Healthy Living: Vasectomies


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Once a man or a couple decide to explore a vasectomy, they obviously should be sure they no longer want to have kids; though reverse-vasectomy procedures exist, they are not always successful.

“We tell people that we consider vasectomies nonreversible,” says Dr. Joseph Camilleri, a urologist with the Urology Group in Hamden. “But if something happens, sometimes people get remarried or whatever, there are surgeries to reverse it. The surgeries are not always successful and most of the time insurance will not cover them so people end up paying out-of-pocket, which can be quite expensive. For those reasons we tell people that if you’re sure you don’t want to have more kids then that’s fine, but if you’re not so sure, you should probably consider another method of birth control.”

Camilleri says that before they undergo the procedure some patients ask about putting sperm in a sperm bank. Some urologists encourage this course of action as a backup, but Camilleri disagrees. “We discourage that. We tell people that if you’re that unsure that you think you should bank sperm, then you probably shouldn’t do the procedure,” he says.

Once a couple has decided a vasectomy is the best option for them, there are some choices to make, as there are different techniques to perform the procedure, though ultimately they all have the same result.

“One way is to make a small incision on each side of the scrotum, after giving you some local anesthesia, and each of those incisions is about a quarter of inch in size and are closed up with stiches that dissolve by themselves,” Camilleri says. “Another variation is to make one incision in the middle of the scrotum and do the procedure on both sides through that one incision. There’s another technique called the ‘no-scalpel vasectomy,’ where instead of making an incision in the scrotum, with a sharp instrument you make sort of a stab wound into the scrotal wall and then open that small hole in the scrotum wall that way.”

Pain following the procedure is almost always minimal says Small, the Bridgeport urologist who specializes in the no-needle, no-scalpel technique. “In my practice, and I’ve been doing this for over 20 years, its exceedingly rare that I will ever give a patient anything more than a Tylenol for pain,” he says. He adds that following the procedure “most patients, unless they do very strenuous work, can go to work the next day.”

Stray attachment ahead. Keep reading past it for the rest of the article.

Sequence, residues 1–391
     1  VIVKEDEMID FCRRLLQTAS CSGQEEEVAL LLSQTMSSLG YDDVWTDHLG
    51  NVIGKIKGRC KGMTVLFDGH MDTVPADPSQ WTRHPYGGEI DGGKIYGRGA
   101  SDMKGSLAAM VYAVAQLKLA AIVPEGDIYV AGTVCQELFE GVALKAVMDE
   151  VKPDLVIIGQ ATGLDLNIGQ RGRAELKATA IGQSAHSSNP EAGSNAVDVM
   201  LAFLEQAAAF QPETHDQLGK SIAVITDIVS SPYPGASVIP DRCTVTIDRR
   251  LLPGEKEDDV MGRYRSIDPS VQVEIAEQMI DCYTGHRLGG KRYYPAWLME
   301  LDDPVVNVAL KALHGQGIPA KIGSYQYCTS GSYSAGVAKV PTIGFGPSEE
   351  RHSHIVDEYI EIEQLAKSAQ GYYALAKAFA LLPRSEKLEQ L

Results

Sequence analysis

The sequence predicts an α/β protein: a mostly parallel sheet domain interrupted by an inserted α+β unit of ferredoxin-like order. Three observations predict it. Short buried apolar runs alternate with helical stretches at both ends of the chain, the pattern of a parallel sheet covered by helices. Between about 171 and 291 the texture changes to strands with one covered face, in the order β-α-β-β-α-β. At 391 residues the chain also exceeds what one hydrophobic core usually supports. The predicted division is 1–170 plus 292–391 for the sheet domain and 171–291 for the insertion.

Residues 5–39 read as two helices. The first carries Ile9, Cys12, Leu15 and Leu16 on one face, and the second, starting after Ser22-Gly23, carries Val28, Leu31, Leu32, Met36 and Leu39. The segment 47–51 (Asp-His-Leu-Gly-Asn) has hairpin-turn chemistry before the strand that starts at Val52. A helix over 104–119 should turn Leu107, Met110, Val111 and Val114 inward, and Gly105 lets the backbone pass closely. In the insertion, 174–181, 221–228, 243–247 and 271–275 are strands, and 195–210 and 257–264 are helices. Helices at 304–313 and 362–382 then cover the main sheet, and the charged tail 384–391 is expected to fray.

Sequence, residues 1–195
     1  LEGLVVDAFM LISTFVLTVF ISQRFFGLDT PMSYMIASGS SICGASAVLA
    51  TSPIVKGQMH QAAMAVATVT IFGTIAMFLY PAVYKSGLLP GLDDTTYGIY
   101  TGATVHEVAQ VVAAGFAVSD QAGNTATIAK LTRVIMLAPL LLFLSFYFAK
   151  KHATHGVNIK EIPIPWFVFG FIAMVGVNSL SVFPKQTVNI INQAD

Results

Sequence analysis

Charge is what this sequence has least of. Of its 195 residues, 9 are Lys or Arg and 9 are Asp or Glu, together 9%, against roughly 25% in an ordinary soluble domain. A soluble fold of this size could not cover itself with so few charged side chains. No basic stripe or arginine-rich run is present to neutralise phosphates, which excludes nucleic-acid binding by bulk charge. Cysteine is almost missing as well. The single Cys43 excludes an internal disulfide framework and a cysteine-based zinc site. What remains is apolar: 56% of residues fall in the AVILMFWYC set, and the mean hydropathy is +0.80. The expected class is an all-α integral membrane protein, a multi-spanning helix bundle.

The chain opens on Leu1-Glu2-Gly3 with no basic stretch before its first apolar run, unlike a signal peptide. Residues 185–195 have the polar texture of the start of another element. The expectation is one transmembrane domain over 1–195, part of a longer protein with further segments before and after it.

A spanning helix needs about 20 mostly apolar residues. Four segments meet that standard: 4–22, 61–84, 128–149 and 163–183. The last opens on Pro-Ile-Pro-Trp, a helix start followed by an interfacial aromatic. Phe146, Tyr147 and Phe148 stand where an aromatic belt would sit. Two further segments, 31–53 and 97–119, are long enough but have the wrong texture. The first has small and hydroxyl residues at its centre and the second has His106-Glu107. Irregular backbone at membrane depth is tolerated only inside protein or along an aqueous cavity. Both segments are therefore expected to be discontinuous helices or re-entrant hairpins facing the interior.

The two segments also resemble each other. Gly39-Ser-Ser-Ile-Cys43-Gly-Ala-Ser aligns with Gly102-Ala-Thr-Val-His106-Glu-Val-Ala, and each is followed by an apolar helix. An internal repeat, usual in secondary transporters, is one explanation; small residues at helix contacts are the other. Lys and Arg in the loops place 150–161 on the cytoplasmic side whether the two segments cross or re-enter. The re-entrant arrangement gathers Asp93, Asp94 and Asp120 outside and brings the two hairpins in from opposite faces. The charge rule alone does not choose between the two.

But there are some activities to avoid following a vasectomy.

“I advise anywhere from two to five days of taking it easy, no heavy lifting or sports,” Small says. “Patients are told not to have sexual activity for a week and no unprotected intercourse for an average of two to three months, but that is dependent on how frequently they are having sex.”

After the procedure, the patient’s system needs to be cleared of existing sperm. “On average it takes 10 to 12 ejaculents,” before the patient can have unprotected sex, explains Small. “For most married men, [the process] takes two or three months.”

After waiting those two or three months, the patient is asked to bring in a semen sample for examination. If the sample no longer contains sperm, the patient is asked to bring in another sample two weeks later. Once the doctor has examined both samples and found them to be sperm-free, the vasectomy is considered successful and the patient can engage in sexual activity without worrying about an unwanted pregnancy.

Camilleri says that if you decide you’d like to explore getting a vasectomy, the first step is to make an appointment with your primary-care doctor or a urologist.

“When somebody wants to have it done, we have them come in for a consultation where we explain the procedure, give them some written material, and examine them to make sure the vasectomy is going to be fairly easy to do and there’s no complicating factors,” Camilleri says. “Then if they want to do it, they make an appointment to come back. Years ago we used to sometimes do it where they came in and then we did it the same day. We’ve gotten away from that because we think it’s better if the people can digest the information about the procedure that we give them. They can take those materials home and just go over them and make sure that they really want to do it.”         

Healthy Living: Vasectomies

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